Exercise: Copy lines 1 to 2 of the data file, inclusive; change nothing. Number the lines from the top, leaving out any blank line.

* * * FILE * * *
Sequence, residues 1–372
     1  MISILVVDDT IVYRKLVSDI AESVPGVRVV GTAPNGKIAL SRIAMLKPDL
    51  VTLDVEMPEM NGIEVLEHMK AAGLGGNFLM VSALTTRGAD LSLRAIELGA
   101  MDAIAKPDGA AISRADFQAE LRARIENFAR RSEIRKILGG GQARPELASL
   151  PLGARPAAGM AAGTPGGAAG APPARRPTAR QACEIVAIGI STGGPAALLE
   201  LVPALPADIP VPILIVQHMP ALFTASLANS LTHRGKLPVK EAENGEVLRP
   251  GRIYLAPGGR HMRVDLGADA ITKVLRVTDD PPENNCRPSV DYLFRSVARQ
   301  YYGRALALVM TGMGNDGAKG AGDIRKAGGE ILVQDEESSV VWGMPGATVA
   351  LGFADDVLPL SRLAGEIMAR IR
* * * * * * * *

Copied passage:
Sequence, residues 1–372
     1  MISILVVDDT IVYRKLVSDI AESVPGVRVV GTAPNGKIAL SRIAMLKPDL